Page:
The response of a different FDB fiber under current clamp is shown in Fig. 3 B. Again, the VCl potential is negative and close to 0 mV because intracellular aCl shifts until ECl is a few millivolts more positive than Vm. A step change in applied current produced an initial rapid depolarization, from the usual passive resistor-capacitor properties of the membrane, that was followed by a slow depolarization of Vm as intracellular Cl− accumulated. The VCl–ISM response was almost flat because ECl and Vm shifted in parallel. The change of intracellular aCl was substantial, however, as shown by the difference trace VCl = −(VCl–ISM − Vm). Also notice that VCl did not have an initial rapid transition like Vm, because intracellular ion activity only changes slowly.
These data clearly show that substantial shifts of intracellular aCl occur in intact muscle fibers when a sustained shift of Vm is imposed. Moreover, these data provide the first measure for the time course of the aCl shift, which had a time constant on the order of 3–10 s.
Absence of voltage-dependent changes of intracellular pH demonstrated with a proton-selective microelectrode
We used a pH-sensitive ISM with the four-microelectrode setup to demonstrate a shift of intracellular H+ activity, aH, produced by exchange of the bath solution and also to show that the difference signal, VH = VH–ISM − Vref, was insensitive to an imposed voltage jump of Vm. The fiber was initially held at −80 mV in voltage-clamp mode, as shown in Fig. 4. Again, the Vm and Vref signals were indistinguishable (black and blue traces, respectively), and the VH–ISM potential (red trace) was more negative than Vhold because this ISM was zeroed in a pH-7.0 calibration solution. The difference signal, VH = VH–ISM − Vref (green trace), is proportional to intracellular pH, as shown by the ordinate scale on the right in Fig. 4. The control bath solution was HEPES-buffered Tyrode’s solution (pH 7.4) that contained no bicarbonate and was not gassed with CO2, which results in intracellular alkalosis, as shown by the initial pH of ∼7.85 (interval 0–2 min). Bath exchange with a 24-mM HCO3-buffered Tyrode’s solution that was preequilibrated with 5% CO2/95% O2 (pH 7.4) caused a rapid decrease of intracellular pH to 7.45 (Fig. 4, interval 2–7 min) that was reversible upon return to HCO3/CO2-free Tyrode’s solution.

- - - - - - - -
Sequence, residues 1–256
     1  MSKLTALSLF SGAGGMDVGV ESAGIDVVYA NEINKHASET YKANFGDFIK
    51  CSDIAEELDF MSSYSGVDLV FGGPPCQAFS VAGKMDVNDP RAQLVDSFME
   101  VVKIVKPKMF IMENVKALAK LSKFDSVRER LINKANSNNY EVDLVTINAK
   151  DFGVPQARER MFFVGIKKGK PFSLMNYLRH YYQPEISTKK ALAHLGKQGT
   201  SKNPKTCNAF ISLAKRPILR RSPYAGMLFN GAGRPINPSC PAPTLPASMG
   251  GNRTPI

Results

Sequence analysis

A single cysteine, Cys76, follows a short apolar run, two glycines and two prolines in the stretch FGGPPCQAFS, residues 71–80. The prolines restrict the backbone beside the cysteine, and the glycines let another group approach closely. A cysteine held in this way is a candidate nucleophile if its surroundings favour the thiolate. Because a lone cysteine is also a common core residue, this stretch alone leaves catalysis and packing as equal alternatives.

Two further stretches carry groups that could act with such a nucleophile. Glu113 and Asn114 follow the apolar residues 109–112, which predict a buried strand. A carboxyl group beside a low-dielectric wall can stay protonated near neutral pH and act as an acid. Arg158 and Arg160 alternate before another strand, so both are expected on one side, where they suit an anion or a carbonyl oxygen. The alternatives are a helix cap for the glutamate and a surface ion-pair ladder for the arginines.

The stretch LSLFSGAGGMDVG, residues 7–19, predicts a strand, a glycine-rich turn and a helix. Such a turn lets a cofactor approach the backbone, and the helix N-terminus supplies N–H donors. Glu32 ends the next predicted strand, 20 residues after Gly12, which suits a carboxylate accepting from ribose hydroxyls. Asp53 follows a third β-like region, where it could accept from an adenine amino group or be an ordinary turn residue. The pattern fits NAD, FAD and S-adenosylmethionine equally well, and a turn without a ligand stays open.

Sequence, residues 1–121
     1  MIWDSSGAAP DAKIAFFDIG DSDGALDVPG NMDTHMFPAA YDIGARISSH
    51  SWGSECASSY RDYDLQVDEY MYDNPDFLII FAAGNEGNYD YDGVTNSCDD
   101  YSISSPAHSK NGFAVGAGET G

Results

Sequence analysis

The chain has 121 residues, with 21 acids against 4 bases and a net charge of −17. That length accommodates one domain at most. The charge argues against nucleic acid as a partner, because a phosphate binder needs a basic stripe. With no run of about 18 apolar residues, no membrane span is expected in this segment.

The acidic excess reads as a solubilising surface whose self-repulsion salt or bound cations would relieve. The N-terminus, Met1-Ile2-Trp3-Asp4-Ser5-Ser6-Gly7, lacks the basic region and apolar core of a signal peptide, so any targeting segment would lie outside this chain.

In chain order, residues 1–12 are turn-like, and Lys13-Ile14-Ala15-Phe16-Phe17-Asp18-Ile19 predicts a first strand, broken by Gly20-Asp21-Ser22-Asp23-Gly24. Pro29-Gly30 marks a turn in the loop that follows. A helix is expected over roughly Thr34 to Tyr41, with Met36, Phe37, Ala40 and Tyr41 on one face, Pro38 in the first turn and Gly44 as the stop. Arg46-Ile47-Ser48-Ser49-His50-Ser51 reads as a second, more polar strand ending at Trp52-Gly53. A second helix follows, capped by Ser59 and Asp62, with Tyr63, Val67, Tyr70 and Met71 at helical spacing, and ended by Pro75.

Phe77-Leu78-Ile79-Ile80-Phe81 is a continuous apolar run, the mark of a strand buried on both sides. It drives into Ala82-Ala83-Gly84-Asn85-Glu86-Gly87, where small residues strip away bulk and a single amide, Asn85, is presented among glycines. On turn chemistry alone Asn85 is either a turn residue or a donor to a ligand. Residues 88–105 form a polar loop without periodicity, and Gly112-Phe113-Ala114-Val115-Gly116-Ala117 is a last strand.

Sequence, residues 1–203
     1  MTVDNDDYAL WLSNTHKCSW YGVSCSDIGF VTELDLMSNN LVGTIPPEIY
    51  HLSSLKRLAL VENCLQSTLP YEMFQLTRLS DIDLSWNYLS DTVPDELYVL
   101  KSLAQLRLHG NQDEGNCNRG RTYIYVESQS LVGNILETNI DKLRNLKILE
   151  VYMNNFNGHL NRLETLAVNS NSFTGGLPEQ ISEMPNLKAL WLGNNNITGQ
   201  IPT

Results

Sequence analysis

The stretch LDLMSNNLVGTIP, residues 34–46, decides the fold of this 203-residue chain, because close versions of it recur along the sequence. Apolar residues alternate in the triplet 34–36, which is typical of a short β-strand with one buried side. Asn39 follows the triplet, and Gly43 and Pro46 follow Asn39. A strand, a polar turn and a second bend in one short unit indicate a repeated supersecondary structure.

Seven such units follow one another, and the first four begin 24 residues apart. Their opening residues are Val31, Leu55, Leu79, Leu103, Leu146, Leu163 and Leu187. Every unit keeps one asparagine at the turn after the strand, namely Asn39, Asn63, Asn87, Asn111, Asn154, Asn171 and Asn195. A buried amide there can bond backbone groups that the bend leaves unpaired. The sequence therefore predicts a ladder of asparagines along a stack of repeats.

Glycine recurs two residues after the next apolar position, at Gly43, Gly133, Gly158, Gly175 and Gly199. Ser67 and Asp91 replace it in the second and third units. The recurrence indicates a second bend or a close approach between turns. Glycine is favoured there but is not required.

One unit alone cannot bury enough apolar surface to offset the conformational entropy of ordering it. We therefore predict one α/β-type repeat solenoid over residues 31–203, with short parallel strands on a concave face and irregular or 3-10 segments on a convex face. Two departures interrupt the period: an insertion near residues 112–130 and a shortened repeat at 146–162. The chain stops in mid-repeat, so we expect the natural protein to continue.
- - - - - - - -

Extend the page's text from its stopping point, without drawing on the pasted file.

A second bath exchange back to 5% CO2 was performed at 12 min, followed by a 30-mV step depolarization (Fig. 4, 17–20 min). The VH–ISM signal had a nearly identical step change in voltage (red trace, 17–20 min) on this time scale of minutes for which the settling time for the ISM was much faster. Consequently, the difference signal that yields VH had no significant change (green trace), as expected when the intracellular pH remains constant.
Demonstration of electrically silent and electrogenic Na+ transport in a voltage-clamped fiber
The combined ability to measure ion activity with an ISM and to voltage-clamp the cell is a powerful approach that can be used to study a variety of transport mechanisms. We show an example where the four-microelectrode setup was used to measure intracellular Na+ accumulation/depletion in response to modulation of Na,K-ATPase pump activity imposed by changing external [K+]. Our prior voltage-clamp studies showed that in isolated fibers, the current generated by electrogenic pump transport, Ipump, can be stimulated by increasing external [K+] from 4 to 20 mM (20K condition) or stalled by removing K+ from the external solution (0K condition), and that this process is reversible (DiFranco et al., 2015a). It is predicted that these changes in pump activity will cause commensurate changes in intracellular Na+, which in turn will modulate pump activity; however, this has not been directly measured in skeletal muscle.